Churches can take an online survey about actions relating to worship and teaching, management of church buildings, management of church land, community and global engagement and lifestyle. Each action they take gets them points – enough points gets them an award. But more importantly, each action is an expression of God’s love for the world.
St Paul’s Marylebone is adding taller plants to their outdoor space to increase biodiversity and have created a water area for birds and other wildlife. Christ Church in Higher Bebington has done years of work on their buildings, has planted an orchard and a wildflower meadow and made a woodland walk and pond areas on their land. Hathersage Methodist Church has changed all the light fittings on the premises to LED bulbs and created havens for wildlife on church land through birdboxes, bug-hotels and re-wilding. They host a regular Repair Café in the church hall and have launched a volunteer group to maintain the woodland garden next to the church. Glossop Parish Church has installed bird boxes, bug and hedgehog hotels, and abstain from hedge trimming when birds might be nesting. Lindley Methodist Church share eco-lifestyle tips in their weekly church notices and have made alterations to the heating and lighting in the church building to improve efficiency and are installing water harvesting systems.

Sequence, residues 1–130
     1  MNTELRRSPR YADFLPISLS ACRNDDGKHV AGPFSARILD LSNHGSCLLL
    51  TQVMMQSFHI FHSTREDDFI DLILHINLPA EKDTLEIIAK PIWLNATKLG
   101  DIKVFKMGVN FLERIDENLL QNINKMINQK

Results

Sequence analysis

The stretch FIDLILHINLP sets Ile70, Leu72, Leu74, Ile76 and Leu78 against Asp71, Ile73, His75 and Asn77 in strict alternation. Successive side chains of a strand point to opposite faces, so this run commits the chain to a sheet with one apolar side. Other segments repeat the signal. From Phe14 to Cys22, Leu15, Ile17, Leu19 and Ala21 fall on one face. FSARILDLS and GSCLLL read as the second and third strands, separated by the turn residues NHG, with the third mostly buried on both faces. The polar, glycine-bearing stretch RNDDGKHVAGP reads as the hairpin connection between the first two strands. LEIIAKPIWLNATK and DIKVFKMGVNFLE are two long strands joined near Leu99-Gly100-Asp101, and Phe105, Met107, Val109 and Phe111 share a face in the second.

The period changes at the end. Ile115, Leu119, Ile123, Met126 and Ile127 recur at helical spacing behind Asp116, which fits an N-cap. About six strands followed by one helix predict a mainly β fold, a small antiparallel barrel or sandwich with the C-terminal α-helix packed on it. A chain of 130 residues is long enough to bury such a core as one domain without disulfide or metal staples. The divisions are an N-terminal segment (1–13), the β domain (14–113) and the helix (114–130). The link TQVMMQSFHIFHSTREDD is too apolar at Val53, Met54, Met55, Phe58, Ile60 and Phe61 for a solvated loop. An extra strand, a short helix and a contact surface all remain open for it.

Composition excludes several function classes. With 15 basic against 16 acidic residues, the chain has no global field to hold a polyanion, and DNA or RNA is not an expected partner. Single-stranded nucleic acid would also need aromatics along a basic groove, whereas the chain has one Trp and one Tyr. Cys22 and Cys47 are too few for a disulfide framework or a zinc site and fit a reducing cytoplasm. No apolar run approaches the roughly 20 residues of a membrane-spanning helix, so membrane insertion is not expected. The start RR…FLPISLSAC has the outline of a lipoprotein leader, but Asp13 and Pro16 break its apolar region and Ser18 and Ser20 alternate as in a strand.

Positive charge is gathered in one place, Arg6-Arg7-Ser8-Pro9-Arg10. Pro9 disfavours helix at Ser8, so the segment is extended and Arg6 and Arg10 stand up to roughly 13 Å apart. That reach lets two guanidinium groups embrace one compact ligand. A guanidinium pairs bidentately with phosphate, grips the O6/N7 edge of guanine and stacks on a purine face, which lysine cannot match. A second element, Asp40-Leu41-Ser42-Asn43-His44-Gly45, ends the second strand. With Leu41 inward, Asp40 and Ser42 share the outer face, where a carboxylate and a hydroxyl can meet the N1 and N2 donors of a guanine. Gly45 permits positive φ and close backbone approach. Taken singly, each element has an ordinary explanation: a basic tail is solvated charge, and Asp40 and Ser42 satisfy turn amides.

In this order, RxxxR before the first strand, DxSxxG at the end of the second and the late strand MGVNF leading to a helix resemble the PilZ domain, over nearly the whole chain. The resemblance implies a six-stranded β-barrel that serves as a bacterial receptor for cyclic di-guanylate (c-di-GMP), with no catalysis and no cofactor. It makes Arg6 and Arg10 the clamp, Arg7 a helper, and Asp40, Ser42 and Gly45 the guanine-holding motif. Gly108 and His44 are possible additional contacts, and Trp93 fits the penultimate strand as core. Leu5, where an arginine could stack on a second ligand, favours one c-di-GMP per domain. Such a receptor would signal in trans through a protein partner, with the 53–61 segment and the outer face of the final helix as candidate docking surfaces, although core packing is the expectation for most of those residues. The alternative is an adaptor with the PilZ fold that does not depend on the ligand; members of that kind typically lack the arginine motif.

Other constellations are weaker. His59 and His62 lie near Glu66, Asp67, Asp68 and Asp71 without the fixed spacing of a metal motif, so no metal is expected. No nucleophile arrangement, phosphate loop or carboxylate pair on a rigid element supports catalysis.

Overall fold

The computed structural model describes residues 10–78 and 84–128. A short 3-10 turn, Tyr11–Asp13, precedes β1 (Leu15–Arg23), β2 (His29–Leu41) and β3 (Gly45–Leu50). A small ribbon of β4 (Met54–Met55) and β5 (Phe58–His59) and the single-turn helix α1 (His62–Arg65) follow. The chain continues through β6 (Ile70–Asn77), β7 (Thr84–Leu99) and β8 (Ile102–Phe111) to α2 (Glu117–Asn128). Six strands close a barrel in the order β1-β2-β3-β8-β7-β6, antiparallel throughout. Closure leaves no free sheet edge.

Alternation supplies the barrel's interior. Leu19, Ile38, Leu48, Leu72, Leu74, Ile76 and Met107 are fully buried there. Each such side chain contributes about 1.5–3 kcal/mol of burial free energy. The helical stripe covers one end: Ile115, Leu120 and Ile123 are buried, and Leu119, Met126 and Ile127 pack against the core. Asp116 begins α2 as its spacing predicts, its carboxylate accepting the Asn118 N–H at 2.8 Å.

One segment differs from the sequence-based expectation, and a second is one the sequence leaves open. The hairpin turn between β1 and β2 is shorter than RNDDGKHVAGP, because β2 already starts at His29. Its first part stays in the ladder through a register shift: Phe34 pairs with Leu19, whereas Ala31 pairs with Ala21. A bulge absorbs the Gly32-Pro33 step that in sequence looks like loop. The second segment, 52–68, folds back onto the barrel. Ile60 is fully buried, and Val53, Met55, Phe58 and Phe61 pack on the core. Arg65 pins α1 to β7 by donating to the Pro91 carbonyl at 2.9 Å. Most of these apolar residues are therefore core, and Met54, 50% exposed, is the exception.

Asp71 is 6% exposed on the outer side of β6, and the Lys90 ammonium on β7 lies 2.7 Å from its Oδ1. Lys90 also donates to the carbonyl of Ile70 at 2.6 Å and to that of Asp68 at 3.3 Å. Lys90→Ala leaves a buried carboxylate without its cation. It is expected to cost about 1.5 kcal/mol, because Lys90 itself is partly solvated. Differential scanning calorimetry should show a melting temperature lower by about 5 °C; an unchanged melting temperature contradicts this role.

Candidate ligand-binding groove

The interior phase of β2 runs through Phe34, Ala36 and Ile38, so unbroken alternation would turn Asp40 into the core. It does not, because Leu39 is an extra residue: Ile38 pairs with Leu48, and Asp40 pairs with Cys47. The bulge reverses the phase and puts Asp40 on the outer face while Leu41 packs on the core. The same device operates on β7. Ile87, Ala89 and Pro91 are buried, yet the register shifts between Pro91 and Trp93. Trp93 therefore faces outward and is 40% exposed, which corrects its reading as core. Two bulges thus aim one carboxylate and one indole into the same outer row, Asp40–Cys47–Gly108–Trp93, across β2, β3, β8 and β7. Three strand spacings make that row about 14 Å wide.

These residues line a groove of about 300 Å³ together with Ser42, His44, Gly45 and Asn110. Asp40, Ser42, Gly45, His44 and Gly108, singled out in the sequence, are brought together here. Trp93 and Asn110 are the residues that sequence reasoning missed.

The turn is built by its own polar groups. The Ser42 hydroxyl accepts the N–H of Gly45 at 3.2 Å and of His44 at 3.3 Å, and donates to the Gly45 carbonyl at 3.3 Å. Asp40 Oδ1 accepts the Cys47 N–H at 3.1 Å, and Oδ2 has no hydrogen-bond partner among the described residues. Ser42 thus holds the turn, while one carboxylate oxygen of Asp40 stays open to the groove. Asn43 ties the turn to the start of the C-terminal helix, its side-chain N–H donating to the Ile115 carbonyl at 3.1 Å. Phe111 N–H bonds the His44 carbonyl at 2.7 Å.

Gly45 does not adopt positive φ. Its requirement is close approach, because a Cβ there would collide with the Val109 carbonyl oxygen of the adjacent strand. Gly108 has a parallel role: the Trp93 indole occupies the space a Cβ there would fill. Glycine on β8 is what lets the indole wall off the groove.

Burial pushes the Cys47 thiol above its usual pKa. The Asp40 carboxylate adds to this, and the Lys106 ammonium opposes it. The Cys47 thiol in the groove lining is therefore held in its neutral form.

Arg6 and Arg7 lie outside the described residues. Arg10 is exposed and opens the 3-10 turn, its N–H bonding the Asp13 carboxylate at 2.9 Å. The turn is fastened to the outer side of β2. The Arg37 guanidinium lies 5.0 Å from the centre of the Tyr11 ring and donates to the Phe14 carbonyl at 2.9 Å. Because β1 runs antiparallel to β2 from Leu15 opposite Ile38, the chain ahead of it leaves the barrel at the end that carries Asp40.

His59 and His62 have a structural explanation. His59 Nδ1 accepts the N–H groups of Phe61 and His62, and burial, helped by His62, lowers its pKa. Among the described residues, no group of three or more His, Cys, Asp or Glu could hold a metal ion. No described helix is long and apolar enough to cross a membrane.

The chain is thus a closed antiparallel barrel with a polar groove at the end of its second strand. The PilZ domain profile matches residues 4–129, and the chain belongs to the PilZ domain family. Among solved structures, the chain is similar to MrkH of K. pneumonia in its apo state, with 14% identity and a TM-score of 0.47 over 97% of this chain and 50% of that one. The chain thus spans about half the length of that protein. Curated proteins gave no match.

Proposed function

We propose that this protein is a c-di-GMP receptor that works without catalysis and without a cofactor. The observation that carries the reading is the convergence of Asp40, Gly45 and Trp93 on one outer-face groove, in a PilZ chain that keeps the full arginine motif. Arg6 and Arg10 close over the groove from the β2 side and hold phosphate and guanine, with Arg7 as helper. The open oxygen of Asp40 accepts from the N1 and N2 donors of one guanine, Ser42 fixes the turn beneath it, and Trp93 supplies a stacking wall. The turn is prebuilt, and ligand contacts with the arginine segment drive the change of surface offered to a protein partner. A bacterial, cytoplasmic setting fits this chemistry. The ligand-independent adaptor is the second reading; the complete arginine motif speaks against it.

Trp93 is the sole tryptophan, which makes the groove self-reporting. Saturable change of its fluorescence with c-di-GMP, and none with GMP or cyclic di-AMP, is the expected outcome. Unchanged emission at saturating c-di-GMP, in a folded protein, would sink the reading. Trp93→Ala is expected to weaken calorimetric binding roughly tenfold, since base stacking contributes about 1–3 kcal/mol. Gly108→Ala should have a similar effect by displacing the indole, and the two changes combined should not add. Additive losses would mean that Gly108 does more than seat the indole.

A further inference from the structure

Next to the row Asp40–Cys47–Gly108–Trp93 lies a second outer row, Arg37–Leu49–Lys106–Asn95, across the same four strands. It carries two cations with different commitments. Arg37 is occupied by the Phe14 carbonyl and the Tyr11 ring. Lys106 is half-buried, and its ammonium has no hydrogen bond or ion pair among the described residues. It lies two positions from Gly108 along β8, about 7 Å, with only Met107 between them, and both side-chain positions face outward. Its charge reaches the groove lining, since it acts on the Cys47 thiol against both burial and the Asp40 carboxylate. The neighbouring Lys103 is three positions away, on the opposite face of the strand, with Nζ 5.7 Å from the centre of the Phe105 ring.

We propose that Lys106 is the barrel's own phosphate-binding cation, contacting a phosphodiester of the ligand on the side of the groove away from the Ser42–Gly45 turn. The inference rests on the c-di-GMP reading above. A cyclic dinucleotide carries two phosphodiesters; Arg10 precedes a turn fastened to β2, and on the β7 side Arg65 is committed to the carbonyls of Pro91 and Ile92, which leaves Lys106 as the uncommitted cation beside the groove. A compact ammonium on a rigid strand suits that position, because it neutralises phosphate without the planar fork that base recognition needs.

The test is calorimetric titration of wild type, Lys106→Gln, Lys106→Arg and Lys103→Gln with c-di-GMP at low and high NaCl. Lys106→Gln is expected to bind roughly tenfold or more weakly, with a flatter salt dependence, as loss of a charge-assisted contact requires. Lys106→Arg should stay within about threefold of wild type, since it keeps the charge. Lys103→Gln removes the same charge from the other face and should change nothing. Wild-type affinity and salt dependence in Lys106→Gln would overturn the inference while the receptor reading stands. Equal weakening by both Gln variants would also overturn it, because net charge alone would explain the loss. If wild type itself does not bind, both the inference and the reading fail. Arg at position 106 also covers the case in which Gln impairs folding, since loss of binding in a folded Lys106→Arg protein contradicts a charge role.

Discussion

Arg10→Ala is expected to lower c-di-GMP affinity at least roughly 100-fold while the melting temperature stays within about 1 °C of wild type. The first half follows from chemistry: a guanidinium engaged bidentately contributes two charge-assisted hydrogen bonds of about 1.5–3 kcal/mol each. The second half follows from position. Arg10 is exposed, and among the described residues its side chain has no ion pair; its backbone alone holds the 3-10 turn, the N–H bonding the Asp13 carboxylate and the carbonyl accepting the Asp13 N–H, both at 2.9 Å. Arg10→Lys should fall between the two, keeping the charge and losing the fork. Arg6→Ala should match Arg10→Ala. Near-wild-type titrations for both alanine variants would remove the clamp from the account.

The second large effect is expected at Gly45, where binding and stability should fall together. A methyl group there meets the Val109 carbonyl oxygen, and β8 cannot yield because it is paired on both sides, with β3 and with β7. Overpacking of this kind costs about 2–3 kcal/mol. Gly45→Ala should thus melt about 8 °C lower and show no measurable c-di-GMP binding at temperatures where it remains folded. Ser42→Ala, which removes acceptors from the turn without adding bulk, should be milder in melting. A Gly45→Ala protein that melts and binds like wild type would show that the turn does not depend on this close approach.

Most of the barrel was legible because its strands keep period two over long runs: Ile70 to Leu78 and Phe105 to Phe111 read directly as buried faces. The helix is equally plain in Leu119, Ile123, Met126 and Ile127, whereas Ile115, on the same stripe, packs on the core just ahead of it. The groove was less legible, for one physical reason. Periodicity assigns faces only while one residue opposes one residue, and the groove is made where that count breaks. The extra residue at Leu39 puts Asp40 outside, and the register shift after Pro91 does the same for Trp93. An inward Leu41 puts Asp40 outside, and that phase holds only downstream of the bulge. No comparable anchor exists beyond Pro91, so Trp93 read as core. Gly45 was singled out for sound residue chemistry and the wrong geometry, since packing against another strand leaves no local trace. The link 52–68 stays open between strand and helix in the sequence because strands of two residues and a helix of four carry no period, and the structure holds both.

Each church that takes part in Eco Church is participating in God’s blessing of this world he loves and demonstrating faith in action to their wider community.
Why should the church care for God’s creation?
In a new short film from A Rocha, we explore the relationship between the church and the environment and look at how God is calling the church to care for his creation.